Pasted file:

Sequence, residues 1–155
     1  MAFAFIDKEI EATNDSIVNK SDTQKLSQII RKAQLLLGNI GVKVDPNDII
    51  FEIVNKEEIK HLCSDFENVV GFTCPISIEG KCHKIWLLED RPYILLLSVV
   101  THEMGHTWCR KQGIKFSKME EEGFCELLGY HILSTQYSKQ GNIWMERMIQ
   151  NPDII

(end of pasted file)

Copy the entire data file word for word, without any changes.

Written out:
Sequence, residues 1–155
     1  MAFAFIDKEI EATNDSIVNK SDTQKLSQII RKAQLLLGNI GVKVDPNDII
    51  FEIVNKEEIK HLCSDFENVV GFTCPISIEG KCHKIWLLED RPYILLLSVV
   101  THEMGHTWCR KQGIKFSKME EEGFCELLGY HILSTQYSKQ GNIWMERMIQ
   151  NPDII